Holding banks accountable to solve bias in appraisals is necessary but not sufficient, the acting head of the national regulator of banks said Tuesday. However, he added, the agency does expect banks to ensure their appraiser vendors treat customers fairly and do not discriminate.
Speaking at a conference Tuesday, Acting Comptroller of the Currency Michael J. Hsu said a “collective effort” among all stakeholders is needed to solve the problem of biased appraisals in mortgage lending, which he said can mean good loans to creditworthy customers go unmade.
Hsu was speaking at the Consumer Financial Protection Bureau’s (CFPB) Virtual Home Appraisal Bias event.
“Biased appraisals can keep a family from getting approved for a loan or raise the price of a loan,” Hsu said. “They can trap ‘undervalued’ neighborhoods by depressing property taxes, resulting in lower income to support education and infrastructure.
“That’s not just bad business, it locks people in unfairly, creating even more distance between the haves and the have-nots,” he added.
Referring to news articles, academic research, and arguments by advocacy groups, Hsu asserted that discrimination and bias in appraisals contribute to inequity in housing values and adversely affect a critical source of wealth accumulation for minority families.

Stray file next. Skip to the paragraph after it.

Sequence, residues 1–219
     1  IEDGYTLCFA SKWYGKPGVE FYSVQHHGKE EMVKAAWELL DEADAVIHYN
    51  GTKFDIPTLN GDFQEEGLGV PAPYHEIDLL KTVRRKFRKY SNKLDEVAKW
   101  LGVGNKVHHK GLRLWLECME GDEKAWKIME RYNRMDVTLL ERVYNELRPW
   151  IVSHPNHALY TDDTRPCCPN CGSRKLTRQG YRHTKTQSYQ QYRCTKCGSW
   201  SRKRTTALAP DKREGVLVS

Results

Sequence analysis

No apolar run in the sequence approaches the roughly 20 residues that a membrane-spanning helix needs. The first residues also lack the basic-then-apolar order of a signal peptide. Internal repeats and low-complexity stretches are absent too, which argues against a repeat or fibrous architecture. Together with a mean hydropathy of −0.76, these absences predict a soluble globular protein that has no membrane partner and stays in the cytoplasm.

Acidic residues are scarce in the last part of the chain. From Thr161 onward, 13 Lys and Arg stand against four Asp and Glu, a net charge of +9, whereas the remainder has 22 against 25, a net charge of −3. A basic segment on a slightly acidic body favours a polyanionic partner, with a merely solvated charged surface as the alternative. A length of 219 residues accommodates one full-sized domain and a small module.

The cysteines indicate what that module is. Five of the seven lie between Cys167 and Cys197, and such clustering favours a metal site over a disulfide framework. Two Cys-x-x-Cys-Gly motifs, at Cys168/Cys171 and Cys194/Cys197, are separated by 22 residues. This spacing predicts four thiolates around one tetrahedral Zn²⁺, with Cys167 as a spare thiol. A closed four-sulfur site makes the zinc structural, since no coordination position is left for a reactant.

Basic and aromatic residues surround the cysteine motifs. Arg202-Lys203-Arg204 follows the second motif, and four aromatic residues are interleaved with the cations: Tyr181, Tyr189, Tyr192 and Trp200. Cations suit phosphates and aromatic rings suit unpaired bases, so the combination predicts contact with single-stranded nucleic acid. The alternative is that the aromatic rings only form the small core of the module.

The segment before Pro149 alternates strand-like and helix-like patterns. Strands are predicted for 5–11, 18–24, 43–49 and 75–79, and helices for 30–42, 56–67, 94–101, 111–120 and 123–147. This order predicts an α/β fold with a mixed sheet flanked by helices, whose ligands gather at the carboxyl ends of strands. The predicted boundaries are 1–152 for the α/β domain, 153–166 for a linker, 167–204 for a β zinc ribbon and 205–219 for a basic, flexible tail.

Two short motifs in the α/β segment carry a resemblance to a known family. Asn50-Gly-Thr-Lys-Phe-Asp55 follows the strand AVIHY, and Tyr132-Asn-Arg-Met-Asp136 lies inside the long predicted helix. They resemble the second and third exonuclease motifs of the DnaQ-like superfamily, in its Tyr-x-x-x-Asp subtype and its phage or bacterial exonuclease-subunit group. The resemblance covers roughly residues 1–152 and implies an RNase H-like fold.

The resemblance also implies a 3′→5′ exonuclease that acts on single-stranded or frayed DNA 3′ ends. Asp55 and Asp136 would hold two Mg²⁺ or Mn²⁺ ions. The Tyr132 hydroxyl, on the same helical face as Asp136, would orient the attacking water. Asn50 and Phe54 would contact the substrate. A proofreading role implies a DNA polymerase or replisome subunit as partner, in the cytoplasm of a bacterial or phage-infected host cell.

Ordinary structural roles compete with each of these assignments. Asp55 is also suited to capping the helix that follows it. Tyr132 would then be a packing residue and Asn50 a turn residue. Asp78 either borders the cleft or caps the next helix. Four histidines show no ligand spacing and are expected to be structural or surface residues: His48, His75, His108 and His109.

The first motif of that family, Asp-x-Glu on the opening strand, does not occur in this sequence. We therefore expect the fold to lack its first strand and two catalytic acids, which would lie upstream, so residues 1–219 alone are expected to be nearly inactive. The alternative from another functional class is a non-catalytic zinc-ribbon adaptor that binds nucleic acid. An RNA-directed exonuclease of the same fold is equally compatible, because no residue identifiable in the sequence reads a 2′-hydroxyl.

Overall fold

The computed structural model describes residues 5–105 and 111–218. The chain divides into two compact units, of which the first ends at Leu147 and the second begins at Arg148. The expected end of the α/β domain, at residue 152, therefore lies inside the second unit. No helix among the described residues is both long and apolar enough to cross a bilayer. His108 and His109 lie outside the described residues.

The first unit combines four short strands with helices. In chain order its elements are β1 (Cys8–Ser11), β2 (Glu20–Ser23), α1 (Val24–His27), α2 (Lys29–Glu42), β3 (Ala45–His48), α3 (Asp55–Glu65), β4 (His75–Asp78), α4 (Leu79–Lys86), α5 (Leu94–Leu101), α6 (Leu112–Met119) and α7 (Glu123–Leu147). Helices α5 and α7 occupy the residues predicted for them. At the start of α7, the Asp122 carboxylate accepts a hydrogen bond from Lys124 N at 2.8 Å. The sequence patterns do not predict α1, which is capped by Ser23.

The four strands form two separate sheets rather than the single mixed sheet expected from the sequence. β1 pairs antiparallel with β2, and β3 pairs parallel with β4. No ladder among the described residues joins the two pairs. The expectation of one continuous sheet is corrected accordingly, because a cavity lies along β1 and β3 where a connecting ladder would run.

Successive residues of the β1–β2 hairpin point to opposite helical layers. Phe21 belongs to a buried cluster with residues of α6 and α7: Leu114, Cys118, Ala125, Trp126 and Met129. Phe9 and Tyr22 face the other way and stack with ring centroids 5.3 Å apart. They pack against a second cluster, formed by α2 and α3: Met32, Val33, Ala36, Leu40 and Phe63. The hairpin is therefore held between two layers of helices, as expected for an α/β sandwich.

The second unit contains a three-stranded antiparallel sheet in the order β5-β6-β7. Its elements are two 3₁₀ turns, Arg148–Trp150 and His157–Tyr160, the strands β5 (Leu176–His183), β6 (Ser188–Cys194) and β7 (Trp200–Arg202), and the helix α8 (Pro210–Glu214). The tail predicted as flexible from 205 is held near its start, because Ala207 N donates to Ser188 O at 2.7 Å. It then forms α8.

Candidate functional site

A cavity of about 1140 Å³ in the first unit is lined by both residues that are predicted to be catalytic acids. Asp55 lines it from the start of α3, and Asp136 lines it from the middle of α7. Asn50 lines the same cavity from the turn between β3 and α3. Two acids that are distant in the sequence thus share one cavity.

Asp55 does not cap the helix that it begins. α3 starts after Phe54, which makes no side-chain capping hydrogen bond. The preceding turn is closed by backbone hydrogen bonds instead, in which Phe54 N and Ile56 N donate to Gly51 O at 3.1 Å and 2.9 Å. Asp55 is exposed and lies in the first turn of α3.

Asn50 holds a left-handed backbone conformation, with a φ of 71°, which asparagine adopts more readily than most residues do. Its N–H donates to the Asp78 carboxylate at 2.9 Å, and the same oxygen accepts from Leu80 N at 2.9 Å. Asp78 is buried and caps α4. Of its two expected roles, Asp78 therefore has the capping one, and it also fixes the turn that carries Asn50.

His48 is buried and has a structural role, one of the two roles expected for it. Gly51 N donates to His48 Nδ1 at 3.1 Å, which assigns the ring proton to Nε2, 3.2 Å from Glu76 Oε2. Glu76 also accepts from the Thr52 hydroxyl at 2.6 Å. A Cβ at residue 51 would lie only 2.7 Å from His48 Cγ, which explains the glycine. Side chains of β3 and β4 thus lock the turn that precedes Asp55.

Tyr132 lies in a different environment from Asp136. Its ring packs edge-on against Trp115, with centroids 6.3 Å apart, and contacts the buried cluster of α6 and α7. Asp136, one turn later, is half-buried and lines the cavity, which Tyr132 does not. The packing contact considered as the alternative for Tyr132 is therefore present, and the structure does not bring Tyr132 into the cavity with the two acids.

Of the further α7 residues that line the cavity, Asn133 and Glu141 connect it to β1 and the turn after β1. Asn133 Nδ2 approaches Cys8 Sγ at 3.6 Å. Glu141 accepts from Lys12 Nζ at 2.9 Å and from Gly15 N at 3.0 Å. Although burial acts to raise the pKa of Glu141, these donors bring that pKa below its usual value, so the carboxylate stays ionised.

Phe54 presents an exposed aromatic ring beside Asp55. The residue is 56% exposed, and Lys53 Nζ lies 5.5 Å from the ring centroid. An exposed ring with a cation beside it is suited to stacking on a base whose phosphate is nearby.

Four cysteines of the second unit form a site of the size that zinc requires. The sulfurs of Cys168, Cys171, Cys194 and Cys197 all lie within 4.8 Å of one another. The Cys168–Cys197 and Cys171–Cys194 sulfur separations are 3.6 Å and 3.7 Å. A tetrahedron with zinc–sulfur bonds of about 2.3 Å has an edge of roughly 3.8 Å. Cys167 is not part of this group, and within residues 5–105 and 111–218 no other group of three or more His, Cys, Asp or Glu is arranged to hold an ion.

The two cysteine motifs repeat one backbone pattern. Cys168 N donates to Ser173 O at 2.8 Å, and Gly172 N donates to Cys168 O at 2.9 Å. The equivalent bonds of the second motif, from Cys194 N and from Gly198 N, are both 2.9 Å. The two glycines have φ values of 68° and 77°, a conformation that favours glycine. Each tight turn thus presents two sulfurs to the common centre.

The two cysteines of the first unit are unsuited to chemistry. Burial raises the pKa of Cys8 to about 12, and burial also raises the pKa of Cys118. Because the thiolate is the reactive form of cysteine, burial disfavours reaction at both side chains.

“The impact is large and cannot be ignored,” he said. “Studies have found that homes in Black neighborhoods are valued at roughly half the price as homes in neighborhoods with few or no Black residents. That difference has led to a $156 billion cumulative loss in value nationwide for majority-Black neighborhoods, according to a study by the Brookings Institute.”
Hsu said there are “clear intersections” between the regulated banking industry and the largely unregulated appraisal business. “Banking regulations require appraisals on certain transactions, and banks rely on third-party appraisals in their underwriting and overall risk management practices,” he said. “Regulators, including the OCC, expect banks to ensure their vendors treat customers fairly and do not discriminate, and we are seeing banks held accountable for discrimination in appraisals they use.”